Introducing new replacement vegetation that is incompatible with the historic character of the landscape.

Alterations/Additions for the New Use


Designing a compatible new vegetation feature when required by the new use to assure the preservation of the historic character of the landscape. For example, designing and installing a hedge that is compatible with the historic character of the landscape to screen new construction.

Not Recommended

Placing a new feature where it may cause damage or is incompatible with the character of the historic vegetation. For example, constructing a new building that adversely affects the root systems of historic vegetation.

Locating any new vegetation feature in such a way that it detracts from or alters the historic vegetation. For example, introducing exotic species in a landscape that was historically comprised of indigenous plants.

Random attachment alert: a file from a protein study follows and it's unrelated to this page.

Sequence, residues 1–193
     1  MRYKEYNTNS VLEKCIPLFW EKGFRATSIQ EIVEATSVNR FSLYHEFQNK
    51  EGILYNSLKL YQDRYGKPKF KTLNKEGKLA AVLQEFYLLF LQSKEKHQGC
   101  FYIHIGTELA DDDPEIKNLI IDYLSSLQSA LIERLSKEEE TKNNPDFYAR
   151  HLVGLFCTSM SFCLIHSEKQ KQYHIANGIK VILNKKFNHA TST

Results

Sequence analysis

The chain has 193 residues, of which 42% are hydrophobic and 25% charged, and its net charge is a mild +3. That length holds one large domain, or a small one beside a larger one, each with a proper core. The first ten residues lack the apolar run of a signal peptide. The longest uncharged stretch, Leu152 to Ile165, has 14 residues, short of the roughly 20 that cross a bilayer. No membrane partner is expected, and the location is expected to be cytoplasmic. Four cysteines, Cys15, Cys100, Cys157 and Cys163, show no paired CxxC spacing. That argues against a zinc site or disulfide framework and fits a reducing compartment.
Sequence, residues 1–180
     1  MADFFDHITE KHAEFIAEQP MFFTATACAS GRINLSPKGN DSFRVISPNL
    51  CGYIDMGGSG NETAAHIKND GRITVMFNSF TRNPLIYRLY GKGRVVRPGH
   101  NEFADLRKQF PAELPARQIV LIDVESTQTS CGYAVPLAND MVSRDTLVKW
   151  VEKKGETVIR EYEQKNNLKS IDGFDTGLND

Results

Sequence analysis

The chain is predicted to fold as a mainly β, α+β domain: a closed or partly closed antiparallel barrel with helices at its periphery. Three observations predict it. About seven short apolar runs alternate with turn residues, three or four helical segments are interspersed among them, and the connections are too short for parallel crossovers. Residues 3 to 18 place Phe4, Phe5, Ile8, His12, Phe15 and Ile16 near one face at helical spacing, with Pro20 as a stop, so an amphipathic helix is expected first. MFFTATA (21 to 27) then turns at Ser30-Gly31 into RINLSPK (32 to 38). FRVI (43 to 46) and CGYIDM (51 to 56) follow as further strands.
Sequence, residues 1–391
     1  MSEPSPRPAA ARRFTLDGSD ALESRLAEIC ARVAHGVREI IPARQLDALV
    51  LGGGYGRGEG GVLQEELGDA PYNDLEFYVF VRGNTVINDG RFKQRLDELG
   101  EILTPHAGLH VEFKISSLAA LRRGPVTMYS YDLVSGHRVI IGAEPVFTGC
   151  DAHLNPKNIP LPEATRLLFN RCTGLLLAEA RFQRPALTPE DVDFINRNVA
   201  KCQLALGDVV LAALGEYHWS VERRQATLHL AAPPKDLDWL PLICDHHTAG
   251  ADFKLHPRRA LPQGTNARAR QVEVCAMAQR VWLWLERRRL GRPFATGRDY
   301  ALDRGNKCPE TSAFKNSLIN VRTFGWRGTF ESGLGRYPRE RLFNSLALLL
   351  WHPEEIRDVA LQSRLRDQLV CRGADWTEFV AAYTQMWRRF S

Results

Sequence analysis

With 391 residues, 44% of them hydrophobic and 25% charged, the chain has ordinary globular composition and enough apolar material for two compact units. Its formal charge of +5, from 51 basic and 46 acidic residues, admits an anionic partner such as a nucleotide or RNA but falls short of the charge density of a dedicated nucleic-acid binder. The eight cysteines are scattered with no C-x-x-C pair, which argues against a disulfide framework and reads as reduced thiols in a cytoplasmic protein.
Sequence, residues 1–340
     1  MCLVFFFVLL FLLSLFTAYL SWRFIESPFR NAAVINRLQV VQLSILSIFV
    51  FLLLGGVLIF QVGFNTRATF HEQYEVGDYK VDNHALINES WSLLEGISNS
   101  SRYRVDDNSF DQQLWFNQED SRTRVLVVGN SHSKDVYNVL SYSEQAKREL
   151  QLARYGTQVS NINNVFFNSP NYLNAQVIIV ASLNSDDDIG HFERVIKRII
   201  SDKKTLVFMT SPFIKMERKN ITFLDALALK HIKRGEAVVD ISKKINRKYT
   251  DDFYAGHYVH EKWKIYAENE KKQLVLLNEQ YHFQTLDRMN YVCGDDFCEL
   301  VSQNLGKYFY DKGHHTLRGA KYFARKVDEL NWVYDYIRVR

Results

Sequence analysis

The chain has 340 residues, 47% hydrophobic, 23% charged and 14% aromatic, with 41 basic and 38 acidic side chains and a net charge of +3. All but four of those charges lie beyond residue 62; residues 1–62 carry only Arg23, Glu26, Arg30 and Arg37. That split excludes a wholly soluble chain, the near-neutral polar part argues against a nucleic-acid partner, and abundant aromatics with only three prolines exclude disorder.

Introducing a new vegetation feature in an appropriate location, which is visually incompatible in terms of its habit, form, color, texture, bloom, fruit, fragrance, scale or context.

The Star-Fort at the Ninety-Six Battlefield, Ninety-Six, South Carolina, was eroding from mowing operations. [left] To remedy the situation, native grasses were installed on the historic Revolutionary War Star Fort. [right]. The interior of the fort has been mown short to accommodate visitor access, but tall native grasses are kept longer on the earthworks to discourage visitors from walking on them and to aid in their interpretation. The difference in height of the new grasses also help to visually define the earthworks themselves. ( NPS)

Tower Grove Park in St. Louis, Missouri, is a National Historic Landmark. The Victorian park, famous for its ornamental herbaceous beds, or “bedding-out,” [top,left] had all but lost most of these areas of seasonal plant display to mown lawn for ease of maintenance. [top, right] More recently, these beds have been reinstated using historic photographic documentation and written accounts. The results are herbaceous beds that are of a new design that is compatible with the habit, form, color, texture, scale, massing and context of the historic vegetation. [below] (Tower Grove Park)